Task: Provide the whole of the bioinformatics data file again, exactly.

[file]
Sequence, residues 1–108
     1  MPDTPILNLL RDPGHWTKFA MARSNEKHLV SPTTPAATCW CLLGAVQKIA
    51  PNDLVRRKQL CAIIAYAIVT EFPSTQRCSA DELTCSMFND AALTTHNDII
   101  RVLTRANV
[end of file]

Sequence, residues 1–108
     1  MPDTPILNLL RDPGHWTKFA MARSNEKHLV SPTTPAATCW CLLGAVQKIA
    51  PNDLVRRKQL CAIIAYAIVT EFPSTQRCSA DELTCSMFND AALTTHNDII
   101  RVLTRANV